From Awkward Debates: “Re: degrees. I’m considering a post-grad education and wonder how the industry, particularly the vendor side, views degrees. MBA? Health informatics? Finance?” Vendor side, I’d go with an MBA unless you’re interested in sales or the executive ranks, in which case degrees (advanced or otherwise) matter little and many folks in the job don’t have them. Health informatics is a good advanced degree or certificate program, but less useful if you don’t already have a clinical degree to pair it up with. My experience is that if you have good qualities (ambition, smarts, relevant experience) and make early connections then a degree doesn’t matter all that much, especially the higher you go up the ladder, and there aren’t many cases where the degree itself is going to get you a job that you couldn’t get otherwise except in technical areas. Personally, I’d say an MBA was my best investment, but the one I admire the most in healthcare specifically is an MPH plus a professional degree (physician, nurse, pharmacist, PT, etc.) We’re going to need public health expertise since you can’t fix healthcare while ignoring health.

From Academic CIO: “Re: Allscripts protest of NYHHC’s Epic selection. We had a similar experience with Cerner. After losing on all counts, including price (Cerner’s five-year cost of ownership was twice Epic’s), Cerner had the audacity to aggressively pursue a Freedom of Information Act request for all of our e-mails, notes, meeting minutes, and Epic-supplied documents in an obvious attempt to get competitive information on Epic. At the end of day, we didn’t have to give it them, but it cost us a great of taxpayer-supplied resources to comply with their request. This was one of many attempts they made to circumvent the selection process. I would never do business again with them under any circumstances.” As I wrote previously, it’s a high-reward, high-risk strategy for a vendor to try to force itself on a customer who prefers a competitor’s product. Maybe you get a desperately needed new client and keep Wall Street off your back for one quarter, but who’s going to invite you to bid in the future knowing your history of being a sore loser?

10-18-2012 7-08-59 PM

From In the Know: “Re: Arcadia Solutions and the Azara Healthcare spinoff. The Pohlad family will sell them to a private equity firm, with the deal expected to close November 1.” Unverified. Arcadia is a consulting firm, while Azara offers analytics. The Minneapolis-based Pohlad Family Companies, which made its founder one of the richest people in America, bought Arcadia in 2007, adding it to holdings that include the Minnesota Twins, real estate, car dealerships, and banks.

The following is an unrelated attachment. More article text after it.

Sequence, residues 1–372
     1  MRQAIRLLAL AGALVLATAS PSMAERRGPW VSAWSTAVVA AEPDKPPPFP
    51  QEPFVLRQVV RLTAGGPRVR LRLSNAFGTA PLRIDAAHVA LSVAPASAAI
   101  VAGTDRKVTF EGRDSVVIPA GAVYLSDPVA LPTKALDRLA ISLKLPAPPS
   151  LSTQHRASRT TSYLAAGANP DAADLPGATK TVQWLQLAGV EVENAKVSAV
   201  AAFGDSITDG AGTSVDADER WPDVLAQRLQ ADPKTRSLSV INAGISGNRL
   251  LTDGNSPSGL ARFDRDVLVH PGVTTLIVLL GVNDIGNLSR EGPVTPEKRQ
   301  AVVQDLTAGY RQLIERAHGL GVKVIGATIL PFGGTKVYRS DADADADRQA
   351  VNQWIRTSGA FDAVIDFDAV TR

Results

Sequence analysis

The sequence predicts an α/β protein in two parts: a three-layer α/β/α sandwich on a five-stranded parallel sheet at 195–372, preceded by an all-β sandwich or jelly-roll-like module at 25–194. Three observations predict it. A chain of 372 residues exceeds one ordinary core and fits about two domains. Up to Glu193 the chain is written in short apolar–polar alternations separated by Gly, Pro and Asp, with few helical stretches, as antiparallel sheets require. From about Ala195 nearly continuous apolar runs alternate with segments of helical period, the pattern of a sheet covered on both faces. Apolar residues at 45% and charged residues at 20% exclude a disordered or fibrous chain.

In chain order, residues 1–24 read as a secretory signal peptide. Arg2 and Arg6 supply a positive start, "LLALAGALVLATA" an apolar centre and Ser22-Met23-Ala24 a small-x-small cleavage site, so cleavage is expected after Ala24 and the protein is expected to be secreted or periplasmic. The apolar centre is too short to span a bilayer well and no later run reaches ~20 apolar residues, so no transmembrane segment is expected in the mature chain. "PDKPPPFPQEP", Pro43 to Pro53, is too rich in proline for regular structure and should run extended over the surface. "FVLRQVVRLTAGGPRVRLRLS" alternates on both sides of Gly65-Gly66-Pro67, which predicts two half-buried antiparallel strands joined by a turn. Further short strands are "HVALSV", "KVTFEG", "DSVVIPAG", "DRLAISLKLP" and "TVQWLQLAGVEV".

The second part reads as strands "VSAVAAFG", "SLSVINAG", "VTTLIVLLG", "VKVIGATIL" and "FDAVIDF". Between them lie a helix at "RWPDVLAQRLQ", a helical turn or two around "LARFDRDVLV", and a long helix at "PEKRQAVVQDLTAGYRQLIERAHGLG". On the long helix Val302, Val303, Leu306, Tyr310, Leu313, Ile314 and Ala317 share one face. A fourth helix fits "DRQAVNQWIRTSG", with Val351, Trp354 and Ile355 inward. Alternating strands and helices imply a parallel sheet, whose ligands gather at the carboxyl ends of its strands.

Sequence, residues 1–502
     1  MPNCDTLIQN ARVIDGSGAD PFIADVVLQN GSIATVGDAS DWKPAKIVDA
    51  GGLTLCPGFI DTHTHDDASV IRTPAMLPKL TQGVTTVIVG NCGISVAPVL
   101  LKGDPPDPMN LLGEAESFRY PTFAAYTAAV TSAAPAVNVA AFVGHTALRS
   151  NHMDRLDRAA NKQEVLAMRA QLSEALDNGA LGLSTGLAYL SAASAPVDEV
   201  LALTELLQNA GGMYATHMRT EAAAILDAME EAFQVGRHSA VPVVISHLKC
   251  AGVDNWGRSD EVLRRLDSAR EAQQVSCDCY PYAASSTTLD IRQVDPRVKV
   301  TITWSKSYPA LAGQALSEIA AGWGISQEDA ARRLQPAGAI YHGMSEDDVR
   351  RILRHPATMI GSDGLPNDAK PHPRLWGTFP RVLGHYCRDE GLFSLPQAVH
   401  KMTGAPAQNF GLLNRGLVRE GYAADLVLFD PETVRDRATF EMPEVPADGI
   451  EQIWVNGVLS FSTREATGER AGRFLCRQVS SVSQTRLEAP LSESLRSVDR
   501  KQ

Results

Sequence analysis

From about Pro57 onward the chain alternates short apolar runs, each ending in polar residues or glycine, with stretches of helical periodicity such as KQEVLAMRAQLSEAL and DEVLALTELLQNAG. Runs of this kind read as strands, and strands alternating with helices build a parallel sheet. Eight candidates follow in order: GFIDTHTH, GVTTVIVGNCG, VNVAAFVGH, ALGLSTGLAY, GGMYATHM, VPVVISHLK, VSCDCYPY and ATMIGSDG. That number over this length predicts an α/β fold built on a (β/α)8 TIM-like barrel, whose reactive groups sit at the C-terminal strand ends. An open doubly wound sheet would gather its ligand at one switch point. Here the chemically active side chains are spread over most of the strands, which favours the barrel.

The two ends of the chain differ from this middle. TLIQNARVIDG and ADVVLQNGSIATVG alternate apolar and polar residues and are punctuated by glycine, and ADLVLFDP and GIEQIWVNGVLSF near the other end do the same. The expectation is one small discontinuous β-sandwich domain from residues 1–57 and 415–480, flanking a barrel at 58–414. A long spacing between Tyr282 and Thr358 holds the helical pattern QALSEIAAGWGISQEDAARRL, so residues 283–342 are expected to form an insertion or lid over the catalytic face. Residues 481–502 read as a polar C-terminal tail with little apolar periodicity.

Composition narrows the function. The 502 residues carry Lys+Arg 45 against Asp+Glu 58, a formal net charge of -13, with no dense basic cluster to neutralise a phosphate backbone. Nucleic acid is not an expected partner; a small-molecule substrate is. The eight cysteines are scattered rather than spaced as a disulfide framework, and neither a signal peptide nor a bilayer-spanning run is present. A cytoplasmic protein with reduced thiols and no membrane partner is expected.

10-18-2012 8-25-14 PM

From Oh MyWay – Dust in the Wind: “Re: MyWay. Here’s the Allscripts letter sent to each MyWay client with the grim confirmation. Interesting that the letter wasn’t from Glen, but rather Laurie McGraw. I guess he has bigger issues trying to find a buyer for his company.” It’s a good deal (free) for those MyWay customers who want Pro, but it’s anybody’s guess as to the percentage of MyWay customers in that camp, not to mention that changing systems is always tough. Allscripts says everybody will be upgraded from January to September 2013, which seems ambitious given the tendency of practices to delay until the last minute. I’m curious: if you attended ACE in August, what was said about MyWay then? I assume MyWay clients weren’t forewarned even though Allscripts surely had already planned its strategy. Given that Allscripts says MyWay isn’t ready for Meaningful Use Stage 2 or ICD-10, what were customers led to expect? Still, it’s probably a good decision – Inga asked Glen Tullman an insightful question when she interviewed him on HIStalk Practice in April 2010:

It seems almost as if Allscripts really has two businesses, one that’s focused on the selling the inexpensive MyWay option to small practices through resellers and the other focused on selling to the large, integrated delivery networks and hospitals that subsidize the small practices and offering them the Allscripts EHR products. Explain the strategy and tell me how you avoid channel conflicts.